shrimp okra gumbo

Our Favorite Cajun Recipes for the Fall

If we get lucky, we start getting cooler weather in South Louisiana around this time of year. We often joke that there are only two seasons in the bayou: “Hot” and “Not.” With cooler temperatures come many more outdoor activities, football tailgates, nights at “da camp,” and a whole host of Cajun seasonal cuisine. We wanted to share some of our favorite fall recipes with all of you, we hope you enjoy them! We will start with a regional favorite to South Louisiana, a traditional shrimp & okra gumbo. 

Traditional Shrimp & Okra Gumbo

There are as many ways to make a gumbo as there are ways to make a hamburger, according to the internet. If you ever met one, chances are that you already know that Cajun cooks are typically more opinionated about food than the judges on Chopped. Some people like to put a little roux in their Shrimp & Okra gumbo, but our favorite recipe does not include a roux. Instead we prefer okra for all of its thickening power.
Serves 6-8
3 pounds of spoon sized shrimp, peeled and deveined
4 pounds of Okra, sliced and stemmed
4 quarts of shrimp stock (Shrimp Stock Recipe can be found here)
3 cups of Chopped Onion
1 cup each chopped celery and green bell pepper
1/2 pound small diced smoked sausage or andouille
1 heaping tbsp. of filé powder
3/4 cup of green onions (for garnish)
1/2 cup of parsley (for garnish)
1/4 cup of cooking oil (preferably vegetable, but not olive oil)
2 tablespoons of white vinegar
All Purpose Cajun Seasoning, Black Pepper, Salt, White Pepper
Special Instructions: Serve over your favorite rice, Cajuns typically use medium or long grain white rice, cooked in a rice cooker.
     1) In a large frying pan, heat up half of the cooking oil to a sauté temperature (medium high heat). Add okra and white vinegar (this reduces the slime that okra creates when it is blanched) and lower heat to medium, cooking for 30 minutes, or until okra is thoroughly wilted and cooked through. 
     2) In your large gumbo pot, sauté the remaining vegetables in the remaining cooking oil until transparent, about 20 minutes.
     3) Slowly whisk in seafood stock. Add your okra and the sausage/andouille to this mixture. Generously add Cajun seasoning, salt, black/white pepper and cayenne pepper to your liking. While the flavors will develop longer, you need to ensure that the base is seasoned to your liking at this point.
     4) When seasoning is blended in to taste, lower heat to a simmer. Cook covered for 45 minutes to allow flavors to get rich and layered. At the 45 minute mark, bring temp back up to a rolling boil. 
     5) In a large bowl, season the shrimp with 3 tablespoons of  Cajun All Purpose Seasoning. Drop seasoned shrimp into boiling gumbo, turn burner off. Close lid. Allow to sit, untouched for ten minutes. This will ensure perfectly cooked shrimp every time.
     6) Garnish with parsley and green onion. Serve over rice.


Crawfish Boil Leftover Potato Salad

One of the saddest times in Cajun country is the space between crawfish seasons. We figured out how to put a man on the moon, but we can’t seem to fool nature into giving us a year round crawfish season (yet). Whether you have simply never experienced the mind-blowing flavors of a true Cajun crawfish boil, or you are a bonafide Cajun who happens to be craving boiled crawfish several months out of season, this is the recipe for you. It’s all the powerful flavors and aromas of a crawfish boil, but you can make and eat it year round.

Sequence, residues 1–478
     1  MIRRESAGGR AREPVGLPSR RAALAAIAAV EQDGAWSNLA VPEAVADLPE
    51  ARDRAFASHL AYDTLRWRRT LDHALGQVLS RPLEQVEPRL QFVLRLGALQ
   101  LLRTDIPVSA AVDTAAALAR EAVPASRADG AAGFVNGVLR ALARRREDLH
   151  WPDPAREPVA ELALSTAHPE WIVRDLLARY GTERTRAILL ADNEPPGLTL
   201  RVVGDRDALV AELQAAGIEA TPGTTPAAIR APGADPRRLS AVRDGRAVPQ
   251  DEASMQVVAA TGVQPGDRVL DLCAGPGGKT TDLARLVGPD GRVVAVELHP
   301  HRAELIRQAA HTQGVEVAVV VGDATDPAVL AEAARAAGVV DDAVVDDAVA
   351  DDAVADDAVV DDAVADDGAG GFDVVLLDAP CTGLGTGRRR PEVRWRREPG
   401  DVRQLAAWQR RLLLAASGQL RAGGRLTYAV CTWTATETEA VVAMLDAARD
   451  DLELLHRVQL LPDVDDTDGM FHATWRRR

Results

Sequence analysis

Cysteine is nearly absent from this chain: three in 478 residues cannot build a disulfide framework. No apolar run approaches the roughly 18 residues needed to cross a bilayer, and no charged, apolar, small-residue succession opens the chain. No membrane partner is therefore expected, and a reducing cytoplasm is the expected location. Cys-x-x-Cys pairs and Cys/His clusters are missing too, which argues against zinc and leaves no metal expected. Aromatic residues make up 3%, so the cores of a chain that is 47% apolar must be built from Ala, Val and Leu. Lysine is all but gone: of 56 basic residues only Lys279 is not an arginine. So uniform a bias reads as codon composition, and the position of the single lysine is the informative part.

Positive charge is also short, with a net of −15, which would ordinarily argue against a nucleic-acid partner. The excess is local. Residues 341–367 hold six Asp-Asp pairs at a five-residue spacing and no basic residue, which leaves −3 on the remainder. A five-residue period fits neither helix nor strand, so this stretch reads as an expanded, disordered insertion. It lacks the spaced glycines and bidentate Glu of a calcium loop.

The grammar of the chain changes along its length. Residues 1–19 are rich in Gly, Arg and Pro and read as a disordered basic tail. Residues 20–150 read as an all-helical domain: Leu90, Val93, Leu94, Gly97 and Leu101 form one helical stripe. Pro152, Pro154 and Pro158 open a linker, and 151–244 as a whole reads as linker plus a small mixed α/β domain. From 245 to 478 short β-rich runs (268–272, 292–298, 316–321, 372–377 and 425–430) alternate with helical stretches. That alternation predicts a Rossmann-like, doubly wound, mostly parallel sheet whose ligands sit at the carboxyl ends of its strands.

Serves 6-8
3 pounds of very small unpeeled potatoes (golf ball size)
1  four ounce bottle of Zatarain’s garlic and onion shrimp boil liquid
3 tablespoons of Zatarain’s regular crawfish boil liquid
4 tablespoons of All-Purpose Cajun Seasoning
One pound of Louisiana crawfish tails with fat
3 ears of corn on the cob, fresh (remove husks)
2 small onions
For “Crawfish Dip” dressing
Cajun Seasoning
1 tablespoon of horseradish (optional)
One bunch green onions, in slivers
     1) In a soup pot, heat up 4 quarts of water (enough to cover corn, onions, and potatoes) and heavily salt, as you would for pasta water (1/4 cup). Add both Zatarains liquid boils and old bay seasoning.
     2) Add fresh corn on the cob (you can cut them in half to fit in the pot), potatoes, and onions. Boil on medium high for 18 minutes, or until corn is bright yellow and cooked. Add crawfish tails, and let simmer for 2 more minutes. Close lid. Let sit for 10 full minutes. Drain.
     3) In a large bowl, mix together the potatoes (halved after they cook, do not mash), corn (shucked after it cooks), and the onions (chopped in one inch pieces after cooked).
     4) In a mixing bowl, mix together one cup of mayonnaise, half a cup of ketchup, 1/4 cup of Worcestershire and optional tablespoon of horseradish. Add Cajun seasoning to your desired level of saltiness.
     5) While still hot, add the “crawfish dip” to the corn, potatoes and onions and toss until coated evenly.
     6) Garnish with green onion slivers. Serve with Seafood Gumbo!

Cajun Bread Pudding 

(From Our Good Friends at

Bread pudding was the answer to what to do with leftover bread, which probably came about soon after the invention of bread. Bread pudding is a ‘common’ dessert, definitely not the high end haute cuisine but you would never convince Cajuns or your guest that it isn’t. Visit for a variety of bread pudding sauce toppings – rum sauce, whiskey sauce, lemon sauce, brown sugar sauce, and bourbon sauce.


2 1/4 cup milk

2 slightly beaten eggs

2 cups 1 inch cubed day old white bread, Evangeline Maid if you can find it

1/2 cup brown sugar

1 tsp cinnamon

1 tsp vanilla

1/2 tsp salt


In an 8 x 8 buttered pan; add the 1 inch cubed bread. In a bowl, combine the, milk, eggs, brown sugar, and cinnamon, vanilla and salt and mix well. Pour the mixture over the bread, and bake at 350° for 30 minutes.